For over thirty years, Porfirio Diaz ruled Mexico with such an iron hand that the people of Mexico began referring to him as Don Perpetuo.
Before Diaz, President Juarez had forsworn business dealings with his rich neighbor to the north, fearing that such dealings would inevitably lead to American economic domination of Mexico. "Between the weak and the strong, there should always be a desert." said Juarez.
After Juarez died of a heart attack, Diaz had seized the country and changed the country's foreign policy. He told the people of Mexico to look at a map—Mexico was shaped like a cornucopia spilling its riches towards the United States.
And, for decades, that is exactly what Mexico did. The United States bought up the resources that Mexico sold it, with Diaz raking in a hefty percentage of everything. Copper, oil, silver—American industries flourished. While some grew rich, most of the people of Mexico lived in such poverty, they would have been better living under the rule of the Aztecs, some 400 years earlier.
When the Mexicans began chanting, "Mexico for Mexicans," the remark angered President Theodore Roosevelt. "Mexico for Mexicans? I would like to know for who else it would be for, if not the Mexicans." thundered our president.
The sad truth was that foreign industries were simply not playing fair. They routinely undervalued property in order to avoid paying taxes, they paid Mexican workers less than foreign workers, and rarely promoted Mexican workers regardless of experience. The foreign corporations could do this because of the bribes and kickbacks that they regularly paid to Diaz.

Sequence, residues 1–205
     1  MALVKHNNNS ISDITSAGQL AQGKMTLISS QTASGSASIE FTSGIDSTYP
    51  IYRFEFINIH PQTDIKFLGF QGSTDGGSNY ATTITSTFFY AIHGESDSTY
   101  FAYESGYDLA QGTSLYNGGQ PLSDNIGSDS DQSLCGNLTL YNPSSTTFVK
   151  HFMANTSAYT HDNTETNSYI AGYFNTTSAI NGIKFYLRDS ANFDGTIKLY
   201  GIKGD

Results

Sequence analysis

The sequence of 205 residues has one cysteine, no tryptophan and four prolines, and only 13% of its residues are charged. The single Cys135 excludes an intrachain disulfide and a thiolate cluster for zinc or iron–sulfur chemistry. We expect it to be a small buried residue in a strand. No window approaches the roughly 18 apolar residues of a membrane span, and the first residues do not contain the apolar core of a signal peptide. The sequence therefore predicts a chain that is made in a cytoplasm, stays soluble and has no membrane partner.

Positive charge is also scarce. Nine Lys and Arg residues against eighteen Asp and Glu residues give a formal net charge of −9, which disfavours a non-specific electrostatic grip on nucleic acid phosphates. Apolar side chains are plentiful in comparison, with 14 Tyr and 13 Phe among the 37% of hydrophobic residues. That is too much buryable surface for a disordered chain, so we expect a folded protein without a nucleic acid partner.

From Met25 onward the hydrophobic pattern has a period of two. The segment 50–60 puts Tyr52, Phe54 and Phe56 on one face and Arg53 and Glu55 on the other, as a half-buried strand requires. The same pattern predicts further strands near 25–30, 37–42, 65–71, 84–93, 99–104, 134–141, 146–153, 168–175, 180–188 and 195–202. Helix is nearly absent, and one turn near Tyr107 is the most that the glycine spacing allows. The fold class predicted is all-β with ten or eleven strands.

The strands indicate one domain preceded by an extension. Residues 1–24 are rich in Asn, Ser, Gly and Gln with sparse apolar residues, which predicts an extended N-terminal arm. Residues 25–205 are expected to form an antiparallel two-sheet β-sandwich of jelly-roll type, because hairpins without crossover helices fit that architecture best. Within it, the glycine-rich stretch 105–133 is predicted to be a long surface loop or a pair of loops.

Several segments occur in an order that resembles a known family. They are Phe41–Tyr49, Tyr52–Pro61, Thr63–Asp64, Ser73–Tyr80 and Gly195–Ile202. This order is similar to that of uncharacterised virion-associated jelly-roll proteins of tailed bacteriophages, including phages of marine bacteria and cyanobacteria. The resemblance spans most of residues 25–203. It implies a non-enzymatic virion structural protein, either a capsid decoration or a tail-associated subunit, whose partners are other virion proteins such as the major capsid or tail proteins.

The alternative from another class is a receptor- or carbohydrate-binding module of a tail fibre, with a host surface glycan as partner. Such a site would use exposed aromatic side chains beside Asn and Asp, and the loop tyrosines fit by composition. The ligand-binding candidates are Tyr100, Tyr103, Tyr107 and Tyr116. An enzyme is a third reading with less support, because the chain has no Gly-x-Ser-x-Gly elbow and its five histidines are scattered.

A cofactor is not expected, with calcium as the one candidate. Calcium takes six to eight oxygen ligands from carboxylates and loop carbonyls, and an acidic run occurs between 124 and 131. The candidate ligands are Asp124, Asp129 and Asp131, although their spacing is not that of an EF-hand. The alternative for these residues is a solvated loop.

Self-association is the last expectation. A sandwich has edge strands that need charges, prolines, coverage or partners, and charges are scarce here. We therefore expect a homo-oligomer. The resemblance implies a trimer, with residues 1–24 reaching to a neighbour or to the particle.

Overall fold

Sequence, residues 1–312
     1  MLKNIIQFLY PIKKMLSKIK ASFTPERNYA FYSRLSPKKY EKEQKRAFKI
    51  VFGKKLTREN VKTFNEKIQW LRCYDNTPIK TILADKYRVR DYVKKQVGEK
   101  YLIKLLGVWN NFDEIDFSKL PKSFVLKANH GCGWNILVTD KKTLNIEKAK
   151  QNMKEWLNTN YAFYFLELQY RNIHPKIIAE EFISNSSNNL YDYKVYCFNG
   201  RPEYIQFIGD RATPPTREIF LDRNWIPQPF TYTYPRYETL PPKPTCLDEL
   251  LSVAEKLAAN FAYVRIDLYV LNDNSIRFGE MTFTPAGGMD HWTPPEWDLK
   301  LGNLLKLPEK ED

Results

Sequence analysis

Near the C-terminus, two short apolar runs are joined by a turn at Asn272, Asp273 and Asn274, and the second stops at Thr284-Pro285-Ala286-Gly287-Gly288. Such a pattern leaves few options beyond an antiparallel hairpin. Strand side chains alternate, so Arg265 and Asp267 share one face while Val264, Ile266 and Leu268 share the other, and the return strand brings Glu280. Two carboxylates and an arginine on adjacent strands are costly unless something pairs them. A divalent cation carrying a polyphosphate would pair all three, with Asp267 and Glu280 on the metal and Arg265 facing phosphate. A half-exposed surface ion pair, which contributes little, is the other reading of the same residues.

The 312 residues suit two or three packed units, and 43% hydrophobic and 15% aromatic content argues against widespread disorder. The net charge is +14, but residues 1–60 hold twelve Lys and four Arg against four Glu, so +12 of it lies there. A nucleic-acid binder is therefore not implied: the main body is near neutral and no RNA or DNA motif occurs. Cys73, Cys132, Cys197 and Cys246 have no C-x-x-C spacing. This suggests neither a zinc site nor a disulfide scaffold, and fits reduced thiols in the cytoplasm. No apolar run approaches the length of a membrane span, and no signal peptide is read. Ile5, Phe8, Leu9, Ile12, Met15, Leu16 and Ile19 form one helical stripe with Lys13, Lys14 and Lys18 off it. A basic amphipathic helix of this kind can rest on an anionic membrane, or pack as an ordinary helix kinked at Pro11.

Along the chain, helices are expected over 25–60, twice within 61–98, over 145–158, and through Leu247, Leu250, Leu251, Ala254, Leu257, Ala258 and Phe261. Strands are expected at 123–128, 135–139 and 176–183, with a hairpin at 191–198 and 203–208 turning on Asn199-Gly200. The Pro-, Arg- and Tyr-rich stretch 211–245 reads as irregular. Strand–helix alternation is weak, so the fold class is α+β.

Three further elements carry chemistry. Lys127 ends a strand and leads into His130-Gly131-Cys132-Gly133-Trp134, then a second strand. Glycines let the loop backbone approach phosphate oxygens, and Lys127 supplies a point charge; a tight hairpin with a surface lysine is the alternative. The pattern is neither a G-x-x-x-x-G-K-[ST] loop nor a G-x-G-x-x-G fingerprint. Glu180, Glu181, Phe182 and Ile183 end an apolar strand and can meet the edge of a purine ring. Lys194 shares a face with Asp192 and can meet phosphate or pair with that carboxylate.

By 1910, the excesses of Porfirio Diaz at long last touched off a horrendously violent revolution that killed a million Mexicans and drove another million to emigrate. Remember that Mexico was a small country that shrank from 14 million to 12 million due to this violence. By the time that the revolution was over, Mexico had a new constitution that gave ownership of all subsoil riches—whether ore, mineral, or petroleum—to the Mexican government. However, since the only source of hard currency the struggling government received was from foreign corporations, Mexico continued to honor the leases held by the foreign corporations.
This should have been the end of the story, but of course it wasn't. All the foreign corporations had to do was simply play fair and they might still be operating in Mexico today. Or even play just close to fair, for the presidents of Mexico after the revolution rather quickly became just as corrupt and easy to bribe as Porfirio Diaz had been—at least, until Lazaro Cardenas became president in 1934.